Schedule Spotlight: December

November 30th, 2016 | by Clint Johnson
(Sam Forencich/NBAE via Getty Images)

Through the first month of the season, veteran additions including George Hill and Joe Johnson have combined with old – but still young – stalwarts like Rudy Gobert to make the Jazz a new player in the NBA power structure. (Sam Forencich/NBAE via Getty Images)

State of the Jazz

“If the Jazz emerge from November with nine or 10 wins, it should be considered a quality start, given the schedule.” 

Utah stands at 11-8 entering the final month of the calendar year, and given all that has transpired thus far1, my statement from the last schedule look-ahead holds. Standing tied for sixth in the Western Conference with their preferred starting lineup sharing the court for only 12 minutes so far this year, the Jazz should feel good about their position entering December.

Particularly in the context of what is waiting for them there.

Where Utah faced a daunting first month-plus of the season loaded with road games and back-to-backs, December tantalizes with the prospect of wins in bunches. With a slew of home games, only two back-to-backs, and more than half the games on the horizon against opponents unlikely to make the playoffs this season, December will go a long way toward determining the team’s prospects of making the playoffs and climbing the seeding. If this is truly a good team, and their net point differential of +4.92 suggests it is, the upcoming month should be a display of winning, and sometimes dominant, basketball.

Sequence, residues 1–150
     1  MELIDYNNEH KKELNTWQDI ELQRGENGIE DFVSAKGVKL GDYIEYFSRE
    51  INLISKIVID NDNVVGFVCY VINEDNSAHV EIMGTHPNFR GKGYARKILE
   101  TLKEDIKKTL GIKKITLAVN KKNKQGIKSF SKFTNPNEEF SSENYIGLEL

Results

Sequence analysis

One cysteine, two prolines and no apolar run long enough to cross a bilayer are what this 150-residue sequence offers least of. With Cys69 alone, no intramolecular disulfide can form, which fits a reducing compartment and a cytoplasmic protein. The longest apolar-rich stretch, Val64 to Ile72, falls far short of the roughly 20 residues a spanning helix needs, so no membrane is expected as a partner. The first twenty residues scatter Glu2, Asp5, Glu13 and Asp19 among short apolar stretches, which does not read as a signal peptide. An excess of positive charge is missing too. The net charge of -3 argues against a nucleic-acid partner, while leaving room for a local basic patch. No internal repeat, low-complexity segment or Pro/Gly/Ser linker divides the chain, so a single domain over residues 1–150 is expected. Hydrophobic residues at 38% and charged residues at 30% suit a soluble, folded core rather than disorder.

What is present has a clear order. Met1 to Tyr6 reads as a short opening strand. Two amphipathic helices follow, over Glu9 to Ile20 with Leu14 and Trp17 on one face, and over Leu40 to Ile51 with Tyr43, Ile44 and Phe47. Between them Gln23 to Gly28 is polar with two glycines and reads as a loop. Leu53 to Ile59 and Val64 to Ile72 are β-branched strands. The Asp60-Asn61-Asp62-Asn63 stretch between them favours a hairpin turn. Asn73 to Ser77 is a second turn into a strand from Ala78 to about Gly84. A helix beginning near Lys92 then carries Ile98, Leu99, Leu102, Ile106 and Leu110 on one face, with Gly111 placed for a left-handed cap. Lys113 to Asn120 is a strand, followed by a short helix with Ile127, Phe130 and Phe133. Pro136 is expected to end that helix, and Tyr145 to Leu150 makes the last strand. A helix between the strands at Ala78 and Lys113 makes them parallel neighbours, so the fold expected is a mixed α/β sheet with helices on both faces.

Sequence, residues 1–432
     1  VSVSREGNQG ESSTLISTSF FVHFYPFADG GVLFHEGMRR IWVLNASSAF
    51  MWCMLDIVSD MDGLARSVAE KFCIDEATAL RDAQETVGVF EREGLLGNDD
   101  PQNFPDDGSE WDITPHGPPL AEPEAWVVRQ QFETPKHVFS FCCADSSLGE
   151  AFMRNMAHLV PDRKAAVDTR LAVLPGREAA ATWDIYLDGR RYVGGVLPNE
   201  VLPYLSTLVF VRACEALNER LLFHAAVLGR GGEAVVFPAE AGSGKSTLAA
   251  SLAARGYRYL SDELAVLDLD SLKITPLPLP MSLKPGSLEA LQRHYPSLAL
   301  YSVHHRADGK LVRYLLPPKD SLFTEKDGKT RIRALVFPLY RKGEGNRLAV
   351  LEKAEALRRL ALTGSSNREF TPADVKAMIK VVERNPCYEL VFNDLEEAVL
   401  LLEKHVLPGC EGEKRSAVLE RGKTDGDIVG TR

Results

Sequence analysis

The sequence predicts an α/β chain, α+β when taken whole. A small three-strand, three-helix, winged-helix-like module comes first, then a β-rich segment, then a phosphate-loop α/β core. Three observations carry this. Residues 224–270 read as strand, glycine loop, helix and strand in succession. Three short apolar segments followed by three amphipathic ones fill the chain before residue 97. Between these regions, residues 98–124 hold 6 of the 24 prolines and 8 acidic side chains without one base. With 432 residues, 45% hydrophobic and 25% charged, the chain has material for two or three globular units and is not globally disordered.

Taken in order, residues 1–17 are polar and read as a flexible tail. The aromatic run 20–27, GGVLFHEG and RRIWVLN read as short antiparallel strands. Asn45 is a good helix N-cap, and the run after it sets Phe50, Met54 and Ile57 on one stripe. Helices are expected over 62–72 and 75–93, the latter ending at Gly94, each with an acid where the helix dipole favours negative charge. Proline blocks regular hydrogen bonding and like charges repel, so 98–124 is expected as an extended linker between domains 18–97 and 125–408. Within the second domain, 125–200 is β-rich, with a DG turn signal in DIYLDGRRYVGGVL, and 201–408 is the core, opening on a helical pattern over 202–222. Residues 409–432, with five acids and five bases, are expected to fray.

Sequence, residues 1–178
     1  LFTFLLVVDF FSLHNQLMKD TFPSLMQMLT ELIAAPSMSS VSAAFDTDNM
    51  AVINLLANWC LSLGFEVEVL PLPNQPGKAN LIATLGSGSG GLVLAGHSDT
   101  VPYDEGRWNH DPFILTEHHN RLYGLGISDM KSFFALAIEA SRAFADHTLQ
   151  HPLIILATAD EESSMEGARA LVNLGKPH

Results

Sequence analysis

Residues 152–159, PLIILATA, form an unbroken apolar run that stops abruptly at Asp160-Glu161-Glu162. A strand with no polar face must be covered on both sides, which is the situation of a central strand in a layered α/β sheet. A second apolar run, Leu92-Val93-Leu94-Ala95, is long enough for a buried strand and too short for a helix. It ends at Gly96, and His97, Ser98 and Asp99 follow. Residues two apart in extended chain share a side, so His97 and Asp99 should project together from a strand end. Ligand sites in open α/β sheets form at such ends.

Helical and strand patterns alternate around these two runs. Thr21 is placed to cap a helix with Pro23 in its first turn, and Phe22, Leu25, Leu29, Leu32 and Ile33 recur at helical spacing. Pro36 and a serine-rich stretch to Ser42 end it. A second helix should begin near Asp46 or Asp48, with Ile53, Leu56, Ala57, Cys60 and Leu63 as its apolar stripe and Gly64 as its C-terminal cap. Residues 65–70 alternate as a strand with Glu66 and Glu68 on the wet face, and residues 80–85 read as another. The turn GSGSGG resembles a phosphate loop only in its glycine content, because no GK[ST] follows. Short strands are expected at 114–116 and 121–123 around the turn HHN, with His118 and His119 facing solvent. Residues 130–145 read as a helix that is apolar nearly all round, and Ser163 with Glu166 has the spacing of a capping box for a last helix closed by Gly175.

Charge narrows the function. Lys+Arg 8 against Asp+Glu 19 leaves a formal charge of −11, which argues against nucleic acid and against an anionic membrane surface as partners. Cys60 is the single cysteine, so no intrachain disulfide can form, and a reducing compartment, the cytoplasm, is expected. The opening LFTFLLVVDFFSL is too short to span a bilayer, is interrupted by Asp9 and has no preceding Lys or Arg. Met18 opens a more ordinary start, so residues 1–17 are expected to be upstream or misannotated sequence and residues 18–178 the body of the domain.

Who’s Hot?

Rudy Gobert: In a start to the season with a number of positives but little consistency, Gobert has been a rare display of both, providing a defense-first squad with its beating – and sometimes strutting – heart. The only Jazzman to start every game, Gobert is averaging an eerily symmetrical double double with 11.1 points and 11.1 rebounds while being tied for 2nd in the league in blocks at 2.5 per contest. But as usual, the Stifle Tower’s impact is best represented by advanced metrics. With every other star missing at least some time and a team with multiple new pieces trying to gel, Gobert’s presence on the court has held opponents to 98.5 points allowed per 100 possessions, helping the Jazz to outscore opponents by 137 points total on the season. Gobert’s 66-percent shooting from the free throw line isn’t mere icing on the cake either; it’s a notable step on a journey toward becoming a defensive game-changer without offsetting offensive limitations. And lest any forget, he does this type of thing regularly…

George Hill: How important is the point guard to Quin Snyder’s system? The question was asked for two seasons and answered in ten games. Not only has Hill been arguably the best player on the Jazz, he has been one of the best players in the league this season, averaging 20 points on an insanely efficient true shooting percentage of 66.73 while producing nearly four assists for every turnover. The team is 8-3 with Hill in the lineup, he has already brought a Western Conference Player of the Week award to Salt Lake for the first time in more than three seasons. He is leading the Jazz vocally, by attitude, and in essentially every advanced metric: first in PER (25.5), and Win Shares per 48 minutes of play (.286) and second to Gobert in  VORP (0.8) and Real Plus-Minus (3.08).